Your 90-second guide to the day in tech

- April 19, 2021 4 MIN READ
The crashed, burnt out Tesla in Texas. Image: KPRC 2

Happy Monday all. 

Don’t forget to tune in for the Startup Daily show on Ausbiz.com.au  every weekday, 2-2.40pm. Watch online, download the ausbiz app or via 7Plus.

Here’s the latest tech news from around the world. 


2 dead in Tesla crash

Texan police say there was no one in the driver’s seat of a Tesla when it crashed near Houston on the weekend, killing two people after it crashed into a tree and caught fire.

Local TV station KPRC 2 spoke to the brother-in-law of the car’s deceased owner  who was found in the back seat of the 2019 Model 2. The accident happened not far from his home. The men are believed to be aged 59 and 69.

Authorities spent four hours trying to extinguish the fire in the vehicle, using 145,000 litres of water, because the battery kept reigniting, even calling Tesla for advice.

The cause of the crash is under investigation, but the car was believed to be travelling at high speed and failed to make a turn. It’s not yet known if the Autopilot driver assist system was activated.

The US National Highway Traffic Safety Administration is investigating 23 Autopilot-related crashes amid 27 in total. One of the most recent crashes saw a Tesla hit a parked cop car.

Tesla did not respond to US media enquiries following the Texas crash, but with two people dead, what did the car company’s tecknoking and chief Dogecoin spruiker have to say?

Musk has resisted pressure to increase oversight of the use of Autopilot, saying in a 2018 investor call that: “When there is a serious accident it is almost always, in fact maybe always, the case that it is an experienced user, and the issue is more one of complacency. They just get too used to it.”


Walmart backs self-driving taxis

Meanwhile US retail giant Walmart is a key backer in a US$2.75 billion raised for self-driving taxi startup Cruise, Forbes reports.

Former GM President Dan Ammann is Cruise’s CEO and the San Francisco-based venture is now worth more than US$30 billion. Honda, Softbank, Microsoft and General Motors.

Cruise initially announced a $2bn round in January, before adding another $750m, with Walmart doubling down on the project. The robotaxi service will launch in San Francisco, but Cruise has also announced it’s setting up a commercial ride service in Dubai in 2023 amid plans to build to 4,000 electric, autonomous vehicles by the end of the decade.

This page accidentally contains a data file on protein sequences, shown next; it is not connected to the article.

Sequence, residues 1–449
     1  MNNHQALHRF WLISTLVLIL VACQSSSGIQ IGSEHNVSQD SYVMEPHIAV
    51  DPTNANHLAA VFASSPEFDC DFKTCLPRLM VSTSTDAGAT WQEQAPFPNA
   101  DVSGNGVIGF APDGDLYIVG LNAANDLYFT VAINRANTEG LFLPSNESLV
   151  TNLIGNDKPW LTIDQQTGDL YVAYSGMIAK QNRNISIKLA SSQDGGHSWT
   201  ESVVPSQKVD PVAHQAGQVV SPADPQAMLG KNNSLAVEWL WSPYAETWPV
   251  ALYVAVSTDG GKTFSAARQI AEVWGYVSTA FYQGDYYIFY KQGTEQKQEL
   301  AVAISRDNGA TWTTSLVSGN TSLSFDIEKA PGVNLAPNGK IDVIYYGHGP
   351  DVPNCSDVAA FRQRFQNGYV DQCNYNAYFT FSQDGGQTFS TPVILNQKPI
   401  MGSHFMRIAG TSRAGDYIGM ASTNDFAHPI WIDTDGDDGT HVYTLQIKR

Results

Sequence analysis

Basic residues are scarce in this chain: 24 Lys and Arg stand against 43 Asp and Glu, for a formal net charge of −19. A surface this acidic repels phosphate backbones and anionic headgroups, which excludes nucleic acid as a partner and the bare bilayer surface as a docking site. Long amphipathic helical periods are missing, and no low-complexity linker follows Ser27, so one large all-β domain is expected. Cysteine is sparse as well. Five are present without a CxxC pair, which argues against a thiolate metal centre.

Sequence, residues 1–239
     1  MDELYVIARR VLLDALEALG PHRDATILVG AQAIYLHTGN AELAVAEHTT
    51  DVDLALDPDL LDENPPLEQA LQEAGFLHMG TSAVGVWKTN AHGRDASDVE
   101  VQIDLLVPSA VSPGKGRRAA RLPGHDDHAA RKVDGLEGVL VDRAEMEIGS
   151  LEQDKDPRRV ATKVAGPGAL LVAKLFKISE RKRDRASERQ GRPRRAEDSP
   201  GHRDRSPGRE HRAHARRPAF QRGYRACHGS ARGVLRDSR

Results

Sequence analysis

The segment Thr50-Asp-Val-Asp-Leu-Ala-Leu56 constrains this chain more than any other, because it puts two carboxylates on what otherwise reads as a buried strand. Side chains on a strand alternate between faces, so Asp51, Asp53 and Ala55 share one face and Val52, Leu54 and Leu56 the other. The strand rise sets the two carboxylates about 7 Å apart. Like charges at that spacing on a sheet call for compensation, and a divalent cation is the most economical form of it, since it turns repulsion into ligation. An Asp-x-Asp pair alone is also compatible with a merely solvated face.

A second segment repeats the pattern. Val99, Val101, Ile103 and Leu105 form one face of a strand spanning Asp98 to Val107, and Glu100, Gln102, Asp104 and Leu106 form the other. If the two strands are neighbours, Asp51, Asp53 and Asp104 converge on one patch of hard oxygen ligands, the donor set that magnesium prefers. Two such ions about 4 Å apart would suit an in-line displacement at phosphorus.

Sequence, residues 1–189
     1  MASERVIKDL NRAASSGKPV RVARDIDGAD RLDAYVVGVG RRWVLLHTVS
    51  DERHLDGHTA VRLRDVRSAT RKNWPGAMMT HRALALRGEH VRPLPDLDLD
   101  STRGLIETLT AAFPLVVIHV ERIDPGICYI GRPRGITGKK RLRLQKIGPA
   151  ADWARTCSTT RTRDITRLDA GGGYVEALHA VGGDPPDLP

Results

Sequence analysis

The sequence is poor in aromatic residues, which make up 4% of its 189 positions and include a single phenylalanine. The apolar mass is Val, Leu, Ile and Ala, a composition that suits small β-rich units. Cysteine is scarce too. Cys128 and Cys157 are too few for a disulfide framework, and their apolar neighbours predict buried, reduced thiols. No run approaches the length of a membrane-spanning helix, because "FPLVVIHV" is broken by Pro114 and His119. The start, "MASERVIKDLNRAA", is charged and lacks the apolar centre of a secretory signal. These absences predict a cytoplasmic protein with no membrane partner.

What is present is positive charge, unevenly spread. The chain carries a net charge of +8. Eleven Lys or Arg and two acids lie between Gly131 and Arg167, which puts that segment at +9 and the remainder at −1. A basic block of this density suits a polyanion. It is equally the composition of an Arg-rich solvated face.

Walmart CEO John Furner said: “This investment is a marker for us. It shows our commitment to bringing the benefit of self-driving cars to our customers and business.”

The two companies have been collaborating on a delivery pilot program in Arizona for the last six months.


The crypto VC

There’s a fascinating piece on US VC Andreessen Horowitz on The Information ($) charting the company’s recent success thanks to its bet on Coinbase, which listed last week with a valuation four times higher than the market cap of the NASDAQ it floated on. The VC’s stake in Coinbase is believed to be worth US$10 billion, which the Information says is more than half the capital its raised in its 12-year history.

“The performance of Andreessen Horowitz’s investments in tech startups were average, despite the firm’s outsize public profile. But its partners had placed bigger bets on cryptocurrencies than almost anyone else, and they did so during moments when most investors had soured on the field,” Kate Clark and Amir Efrati write.

But the investment firm also other crypto assets now worth billions of dollars, an insider told The Information, and now its ramping up its investment in startups, with a focus on software. More here.


No room at Airbnb

Airbnb CEO Brian Chesky believes the platform will need to increase the number of hosts on the platform by at least 25% if the home-share site is going to meet post-covid demand,.

Speaking to CNBC’s TechCheck Chesky said he expects the rebound in travel to be “unlike anything we’ve ever seen” and that “to meet the demand over the coming years, we’re going to need millions more hosts”.

Chesky said Airbnb isn’t likely to offer “a lot of incentives” to bring new hosts on board since there’s already a huge demand for service.

But unlike Uber, which is spending US$250 million in the USA to entice drivers back to the platform because demand, including on the deliver side, is outstripping both driver and courier availability, the Airbnb boss won’t be offering incentives beyond a nostalgic ad campaign.

“I think that all we have to do is just continue to tell our story of Airbnb, and the benefits of hosting,” Chesky told TechCheck.


Doge bites Bit

The crypto market has fallen nearly 8% in the last 24 hours with Bitcoin falling 3% and now down 6.4% for the week to sit at around A$73,611 according to Coinbase.

But the standout performer for the week is Dogecoin, which has gone from the 11th biggest cryptocurrency by market cap to 6th, having gained another 17% in the last 24 hrs to sit at A$0.42 cents. The joke currency is now up more than 330% for the week.

Those moves are nothing compared to a flash crash yesterday that wiped 12% off Bitcoin’s price in 15 minutes during lunchtime Sunday. An estimated one million derivatives traders had their positions liquidated as a result, in a A$13 billion wipeout.


Proptech raises $6m

Proptech Archistar, which uses AI to maximise capacity in architectural design has raised $6m in a series B backed by Skip Capital and AirTree Ventures to fund its international expansion.


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